The Confederate army, during its march into Pennsylvania, routinely kidnapped blacks and sold them south. By the time Lee’s legions arrived in Gettys­burg, virtually all of the town’s free blacks had hidden or fled. On the morning of July 3, General George Pickett’s division prepared for its legendary charge. Nearby, where the Union forces were gathered, lived Abraham Brien, a free black farmer who rented out a house on his property to Mag Palmer and her family. One evening before the war, two slave-catchers had fallen upon Palmer as she made her way home. (After the passage of the Fugitive Slave Act, slave-catchers patrolled the North, making little distinction between freeborn blacks and runaways.) They bound her hands, but with help from a passerby, she fought them off, biting off a thumb of one of the hunters.

Faulkner famously wrote of Pickett’s Charge:

For every Southern boy fourteen years old, not once but whenever he wants it, there is the instant when it’s still not yet two o’clock on that July afternoon in 1863 … and it’s all in the balance, it hasn’t happened yet, it hasn’t even begun yet … That moment doesn’t need even a fourteen-year-old boy to think This time.

These “Southern boys,” like Catton’s “people,” are all white. But I, standing on Brien’s property, standing where Mag Palmer lived, saw Pickett’s soldiers charging through history, in wild pursuit of their strange birthright—the license to beat and shackle women under the cover of night. That is all of what was “in the balance,” the nostalgic moment’s corrupt and unspeakable core.

For the portion of the country that still honors, or traces its ancestry to, the men who fired on Fort Sumter, and thus brought war, the truthful story of the Civil War tells of a defeat richly deserved, garnered in a pursuit now condemned. For the blameless North, it throws up the failed legacy of appeasement of slaveholders, the craven willingness to bargain on the backs of black people, and the unwillingness, in the Reconstruction years, to finish what the war started.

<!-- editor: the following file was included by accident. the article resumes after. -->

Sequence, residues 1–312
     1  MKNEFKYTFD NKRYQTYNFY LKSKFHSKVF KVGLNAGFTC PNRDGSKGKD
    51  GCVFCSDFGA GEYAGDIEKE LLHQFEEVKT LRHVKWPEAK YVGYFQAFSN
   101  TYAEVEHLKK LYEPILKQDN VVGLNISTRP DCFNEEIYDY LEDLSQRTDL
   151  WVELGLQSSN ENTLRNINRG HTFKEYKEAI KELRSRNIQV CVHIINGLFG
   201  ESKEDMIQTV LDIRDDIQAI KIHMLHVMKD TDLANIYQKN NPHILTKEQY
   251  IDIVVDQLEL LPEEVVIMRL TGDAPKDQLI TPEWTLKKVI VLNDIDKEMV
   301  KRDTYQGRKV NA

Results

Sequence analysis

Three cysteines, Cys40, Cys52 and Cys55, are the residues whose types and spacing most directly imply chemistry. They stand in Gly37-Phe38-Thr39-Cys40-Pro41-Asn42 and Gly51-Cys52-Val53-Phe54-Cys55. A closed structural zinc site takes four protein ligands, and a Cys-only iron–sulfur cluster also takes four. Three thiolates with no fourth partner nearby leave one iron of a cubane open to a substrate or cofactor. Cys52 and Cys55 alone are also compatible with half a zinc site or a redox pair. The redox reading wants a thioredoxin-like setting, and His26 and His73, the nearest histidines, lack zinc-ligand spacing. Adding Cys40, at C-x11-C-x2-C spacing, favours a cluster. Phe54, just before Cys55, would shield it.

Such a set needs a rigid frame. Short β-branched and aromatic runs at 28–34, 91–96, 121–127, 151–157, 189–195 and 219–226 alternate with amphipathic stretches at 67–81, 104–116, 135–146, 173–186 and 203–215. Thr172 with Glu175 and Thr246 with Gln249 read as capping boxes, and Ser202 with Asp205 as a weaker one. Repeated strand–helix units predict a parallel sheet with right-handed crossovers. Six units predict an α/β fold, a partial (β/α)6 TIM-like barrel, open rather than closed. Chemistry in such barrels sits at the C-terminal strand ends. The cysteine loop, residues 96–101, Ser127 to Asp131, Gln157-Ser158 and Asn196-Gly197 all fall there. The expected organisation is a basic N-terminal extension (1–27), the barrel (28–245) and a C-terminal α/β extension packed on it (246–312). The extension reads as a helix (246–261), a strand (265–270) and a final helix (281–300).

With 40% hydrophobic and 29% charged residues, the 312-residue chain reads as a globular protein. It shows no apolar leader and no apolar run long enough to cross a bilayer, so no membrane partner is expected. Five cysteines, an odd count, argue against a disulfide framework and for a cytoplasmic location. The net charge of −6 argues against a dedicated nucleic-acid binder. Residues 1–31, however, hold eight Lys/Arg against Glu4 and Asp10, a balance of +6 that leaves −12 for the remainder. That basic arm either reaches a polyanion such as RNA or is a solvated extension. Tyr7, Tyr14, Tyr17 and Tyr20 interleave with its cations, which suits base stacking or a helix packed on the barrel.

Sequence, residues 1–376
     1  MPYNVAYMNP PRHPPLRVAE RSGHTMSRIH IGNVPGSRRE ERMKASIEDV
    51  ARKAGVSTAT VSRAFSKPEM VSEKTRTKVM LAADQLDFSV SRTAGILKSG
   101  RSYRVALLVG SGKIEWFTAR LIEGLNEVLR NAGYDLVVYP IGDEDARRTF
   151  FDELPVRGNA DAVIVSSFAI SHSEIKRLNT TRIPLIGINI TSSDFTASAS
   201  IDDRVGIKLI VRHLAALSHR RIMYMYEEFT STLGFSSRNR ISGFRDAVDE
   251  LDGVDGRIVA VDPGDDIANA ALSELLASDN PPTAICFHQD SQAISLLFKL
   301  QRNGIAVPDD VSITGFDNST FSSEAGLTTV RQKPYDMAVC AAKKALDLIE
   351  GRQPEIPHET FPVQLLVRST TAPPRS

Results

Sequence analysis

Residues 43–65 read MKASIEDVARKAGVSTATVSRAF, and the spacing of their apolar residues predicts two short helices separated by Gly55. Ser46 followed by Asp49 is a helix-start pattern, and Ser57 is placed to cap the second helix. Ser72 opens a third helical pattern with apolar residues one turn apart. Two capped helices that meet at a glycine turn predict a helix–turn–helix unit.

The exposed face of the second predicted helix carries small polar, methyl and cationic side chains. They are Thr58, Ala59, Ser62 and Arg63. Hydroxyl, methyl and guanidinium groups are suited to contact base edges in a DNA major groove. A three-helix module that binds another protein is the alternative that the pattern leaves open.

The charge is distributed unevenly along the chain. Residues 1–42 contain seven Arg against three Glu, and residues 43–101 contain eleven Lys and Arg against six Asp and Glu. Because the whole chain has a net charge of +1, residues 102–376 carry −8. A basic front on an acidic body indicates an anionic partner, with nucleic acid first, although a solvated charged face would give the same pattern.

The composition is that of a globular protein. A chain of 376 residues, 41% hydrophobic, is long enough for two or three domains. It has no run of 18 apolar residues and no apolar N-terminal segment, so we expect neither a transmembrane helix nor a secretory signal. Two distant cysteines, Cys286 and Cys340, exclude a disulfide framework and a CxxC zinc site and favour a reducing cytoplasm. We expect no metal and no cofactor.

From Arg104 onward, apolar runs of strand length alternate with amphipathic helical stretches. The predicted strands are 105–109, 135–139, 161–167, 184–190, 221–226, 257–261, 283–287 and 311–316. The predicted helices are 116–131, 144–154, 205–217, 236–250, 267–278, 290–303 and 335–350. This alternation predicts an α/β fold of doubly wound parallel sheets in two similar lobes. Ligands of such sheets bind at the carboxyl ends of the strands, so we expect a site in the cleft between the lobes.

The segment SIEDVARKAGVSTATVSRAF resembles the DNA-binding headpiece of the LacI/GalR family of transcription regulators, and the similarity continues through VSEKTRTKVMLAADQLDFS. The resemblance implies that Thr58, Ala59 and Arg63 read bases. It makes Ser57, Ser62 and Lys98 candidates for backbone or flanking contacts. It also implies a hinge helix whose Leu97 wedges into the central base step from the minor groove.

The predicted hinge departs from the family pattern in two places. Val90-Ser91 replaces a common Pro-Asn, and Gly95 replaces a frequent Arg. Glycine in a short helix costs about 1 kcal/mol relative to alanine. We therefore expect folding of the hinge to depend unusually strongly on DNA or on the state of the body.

For realists, the true story of the Civil War illuminates the problem of ostensibly sober-minded compromise with powerful, and intractable, evil. For radicals, the wave of white terrorism that followed the war offers lessons on the price of revolutionary change. White Americans finding easy comfort in nonviolence and the radical love of the civil-rights movement must reckon with the unsettling fact that black people in this country achieved the rudi­ments of their freedom through the killing of whites.

And for black people, there is this—the burden of taking ownership of the Civil War as Our War. During my trips to battlefields, the near-total absence of African American visitors has been striking. Confronted with the realization that the Civil War is the genesis of modern America, in general, and of modern black America, in particular, we cannot just implore the Park Service and the custodians of history to do more outreach—we have to become custodians ourselves.

The Lost Cause was spread, not merely by academics and Hollywood executives, but by the descendants of Confederate soldiers. Now the country’s battlefields are marked with the enduring evidence of their tireless efforts. But we have stories too, ones that do not hinge on erasing other people, or coloring over disrepute. For the Civil War to become Our War, it will not be enough to, yet again, organize opposition to the latest raising of the Confederate flag. The Civil War confers on us the most terrible burden of all—the burden of moving from protest to production, the burden of summoning our own departed hands, so that they, too, may leave a mark.

Ta-Nehisi Coates is an Atlantic senior editor.
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Ta-Nehisi Coates is a national correspondent at The Atlantic, where he writes about culture, politics, and social issues. He is the author of the memoir The Beautiful Struggle.